We didn’t know, and she wasn’t talking.
We should have known better: Shasta was no snitch.
Anyway, in what would later become a ritual, the vet shrugged, told us our dog was “weird but fine,” and handed us a big bill.*
Next up came Dixie. We adopted her at age 3 thinking she’d be young and healthy and definitely not the kind of dog that would provide more fodder for my annoying husband.
How wrong we were…
4 days after we adopted her, she suffered a huge seizure in our living room. Cue late night drive to a 24 hour emergency vet, cue referral to a doggie neurologist (we didn’t even know that was a thing at the time), cue MRI and spinal tap.
And then cue the all too predictable results: “Idiopathic epilepsy.” In other words: “[Shrug.] We don’t know. Your dog is just weird. Here’s a giant bill.”
In the years that followed, we took her to not one dog trainer, but two, plus the doggie behaviorist in a (not really all that successful) attempt to manage her particular brand of crazy.
And now we have Thor – another “young dog who should be healthy” who has been anything but.
Soon after we adopted him, we learned he had a belly full of worms, and either because of that, or just because he’s our dog, he’s had gastrointestinal issues ever since. We spent most of his first year with us visiting various vets trying to figure out what was going on with his stomach.
In the end, we put him on a miracle prescription dog food, and a twice-daily course of the indigestion medication Prilosec, and his problems have mostly resolved. Phew!
Getting to Portugal
So, what does all this have to do with Portugal? Well, as I explained previously, we had three main goals we needed to accomplish in order to move our lives overseas: 1) We had to get our visas; 2) we had to figure out how to move us and our stuff across the ocean; and 3) we had to sell our motorhome. And it turned out that #2 – getting our stuff – specifically Thor – to PT was the most expensive, most complicated, and most stressful part of the entire undertaking.
Some of the complexity was a result of the pandemic.
Pre-Covid, most airlines had companion animal transport options. Most relevant to us (because they fly direct to Lisbon from the east coast) was United Airlines, which had an entire program dedicated to safely transporting domestic pets on their flights. But with Covid, the vast majority of airlines suspended their programs. They just didn’t want to deal with it and, to this day, many – including United – are still using Covid to justify their refusal to fly pets.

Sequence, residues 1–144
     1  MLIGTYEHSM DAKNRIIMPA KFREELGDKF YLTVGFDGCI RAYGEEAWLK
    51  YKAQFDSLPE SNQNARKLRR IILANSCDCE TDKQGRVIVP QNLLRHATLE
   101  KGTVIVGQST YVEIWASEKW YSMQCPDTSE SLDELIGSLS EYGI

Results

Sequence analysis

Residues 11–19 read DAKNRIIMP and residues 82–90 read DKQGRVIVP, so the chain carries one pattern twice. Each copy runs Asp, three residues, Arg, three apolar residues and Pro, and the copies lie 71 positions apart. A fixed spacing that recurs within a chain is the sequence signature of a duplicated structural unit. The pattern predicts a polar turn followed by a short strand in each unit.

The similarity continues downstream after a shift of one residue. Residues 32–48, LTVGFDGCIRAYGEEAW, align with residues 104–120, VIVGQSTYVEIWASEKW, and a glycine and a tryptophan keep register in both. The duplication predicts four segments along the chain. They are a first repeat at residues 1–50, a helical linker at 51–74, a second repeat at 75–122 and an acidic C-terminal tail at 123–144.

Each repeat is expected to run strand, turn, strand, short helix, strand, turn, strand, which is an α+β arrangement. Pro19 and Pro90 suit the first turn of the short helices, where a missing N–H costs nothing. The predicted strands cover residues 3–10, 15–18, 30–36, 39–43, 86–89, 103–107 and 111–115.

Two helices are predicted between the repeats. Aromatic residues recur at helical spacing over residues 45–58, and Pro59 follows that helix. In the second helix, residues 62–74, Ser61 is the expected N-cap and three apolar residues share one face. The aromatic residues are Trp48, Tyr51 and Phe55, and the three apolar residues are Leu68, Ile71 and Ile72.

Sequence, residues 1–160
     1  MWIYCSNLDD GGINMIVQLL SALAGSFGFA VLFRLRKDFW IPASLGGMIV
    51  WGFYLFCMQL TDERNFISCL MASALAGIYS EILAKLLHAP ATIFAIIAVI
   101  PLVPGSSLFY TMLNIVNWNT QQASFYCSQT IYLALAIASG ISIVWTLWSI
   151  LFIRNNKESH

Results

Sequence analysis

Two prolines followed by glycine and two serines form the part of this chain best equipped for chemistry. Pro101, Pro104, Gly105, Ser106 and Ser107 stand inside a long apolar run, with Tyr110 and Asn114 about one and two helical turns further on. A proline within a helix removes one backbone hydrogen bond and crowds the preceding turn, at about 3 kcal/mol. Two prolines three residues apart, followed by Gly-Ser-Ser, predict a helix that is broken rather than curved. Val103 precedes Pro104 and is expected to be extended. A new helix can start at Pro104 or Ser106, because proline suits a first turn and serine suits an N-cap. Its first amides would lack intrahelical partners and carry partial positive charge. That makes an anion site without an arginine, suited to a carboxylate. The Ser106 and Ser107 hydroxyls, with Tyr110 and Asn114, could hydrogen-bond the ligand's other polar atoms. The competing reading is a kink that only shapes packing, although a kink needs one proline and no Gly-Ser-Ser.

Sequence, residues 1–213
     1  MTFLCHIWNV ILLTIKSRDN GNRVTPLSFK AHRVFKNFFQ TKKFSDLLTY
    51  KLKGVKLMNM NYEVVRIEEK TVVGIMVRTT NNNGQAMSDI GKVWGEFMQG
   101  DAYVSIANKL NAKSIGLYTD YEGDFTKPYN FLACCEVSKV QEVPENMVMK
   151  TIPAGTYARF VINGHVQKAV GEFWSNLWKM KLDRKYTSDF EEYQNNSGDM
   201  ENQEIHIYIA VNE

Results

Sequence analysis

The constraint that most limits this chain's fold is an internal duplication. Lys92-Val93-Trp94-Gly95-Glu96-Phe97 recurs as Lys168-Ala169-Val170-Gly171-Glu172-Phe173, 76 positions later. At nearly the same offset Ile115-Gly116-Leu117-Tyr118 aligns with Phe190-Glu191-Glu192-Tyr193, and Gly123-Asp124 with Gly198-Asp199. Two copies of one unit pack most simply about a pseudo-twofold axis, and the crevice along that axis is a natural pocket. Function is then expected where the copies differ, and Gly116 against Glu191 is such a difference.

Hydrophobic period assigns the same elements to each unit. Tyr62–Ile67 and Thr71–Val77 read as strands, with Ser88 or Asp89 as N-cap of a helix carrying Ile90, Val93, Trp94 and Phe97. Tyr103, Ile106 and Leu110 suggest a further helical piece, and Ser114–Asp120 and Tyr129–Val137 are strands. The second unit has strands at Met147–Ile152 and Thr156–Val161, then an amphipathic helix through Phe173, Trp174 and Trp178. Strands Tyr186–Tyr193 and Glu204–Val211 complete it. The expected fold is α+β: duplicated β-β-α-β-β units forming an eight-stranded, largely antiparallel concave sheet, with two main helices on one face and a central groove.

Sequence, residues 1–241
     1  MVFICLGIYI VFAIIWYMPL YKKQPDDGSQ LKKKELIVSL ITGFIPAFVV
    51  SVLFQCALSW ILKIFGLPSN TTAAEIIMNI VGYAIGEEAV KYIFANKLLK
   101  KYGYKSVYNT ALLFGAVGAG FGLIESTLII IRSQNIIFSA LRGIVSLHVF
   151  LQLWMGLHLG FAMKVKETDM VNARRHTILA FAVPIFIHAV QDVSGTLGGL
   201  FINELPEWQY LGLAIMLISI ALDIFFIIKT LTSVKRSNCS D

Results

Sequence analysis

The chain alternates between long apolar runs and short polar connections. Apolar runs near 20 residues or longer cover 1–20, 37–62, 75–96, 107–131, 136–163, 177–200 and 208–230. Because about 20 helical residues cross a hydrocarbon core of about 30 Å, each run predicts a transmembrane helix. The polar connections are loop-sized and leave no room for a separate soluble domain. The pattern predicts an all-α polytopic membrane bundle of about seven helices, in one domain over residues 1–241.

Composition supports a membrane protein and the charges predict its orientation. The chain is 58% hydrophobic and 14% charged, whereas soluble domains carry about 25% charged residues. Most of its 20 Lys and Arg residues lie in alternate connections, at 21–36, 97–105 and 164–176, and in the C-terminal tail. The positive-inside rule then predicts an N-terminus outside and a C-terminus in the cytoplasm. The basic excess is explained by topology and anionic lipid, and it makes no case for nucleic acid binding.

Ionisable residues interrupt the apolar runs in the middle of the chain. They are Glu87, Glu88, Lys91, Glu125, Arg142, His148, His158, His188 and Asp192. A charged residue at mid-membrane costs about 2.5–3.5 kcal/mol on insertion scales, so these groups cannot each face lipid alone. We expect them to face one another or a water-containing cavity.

That left us two options.
One was to fly TAP – the Portuguese national carrier – direct from Newark or Boston to Lisbon.
We didn’t know much about the brand but soon learned that, among Portuguese nationals and expats, it’s commonly referred to as “Take Another Plane.”
Not exactly a ringing endorsement.
Even worse, because of Thor’s size, he would have to be transported by the cargo division of TAP. He would still fly on the same plane we were on, but he would be treated as “cargo” rather than “baggage” and handled by a separate division – at an increased cost and who knows what level of care.
Our other option was to hire a full service pet transport company who would arrange to pick him up in the U.S., kennel him for a day or two before his flight, then ship him in the belly of a Lufthansa flight – one of the few well regarded commercial airlines who still handle domestic animals – to Germany. He would then stay for several hours or overnight at Lufthansa’s facilities in Frankfurt before being loaded onto another Lufthansa flight to Portugal, where he would be picked up by the pet transport company, shuttled through the immigration process, and then delivered to us at our home. The transport company would be responsible for keeping track of him, making sure he was appropriately cared for while in transit, and completing all the immigration paperwork.
All of which brings me back to Dixie.
If you’ve been around since 2018, you know that we lost Dixie at age 9 shortly after she underwent surgery for a herniated disk. If you’re new, here’s the post. The short version is she needed surgery to repair a catastrophic injury but several days after getting the procedure, while still recovering at the veterinary hospital, she unexpectedly passed away. And while no one can say for sure that the stress she experienced during that time – being a naturally anxious dog in an unfamiliar place away from her people – contributed to her death, it certainly didn’t help. And we have carried that guilt with us ever since – even though we know there’s nothing we could have done differently and we’d make the exact same decisions today.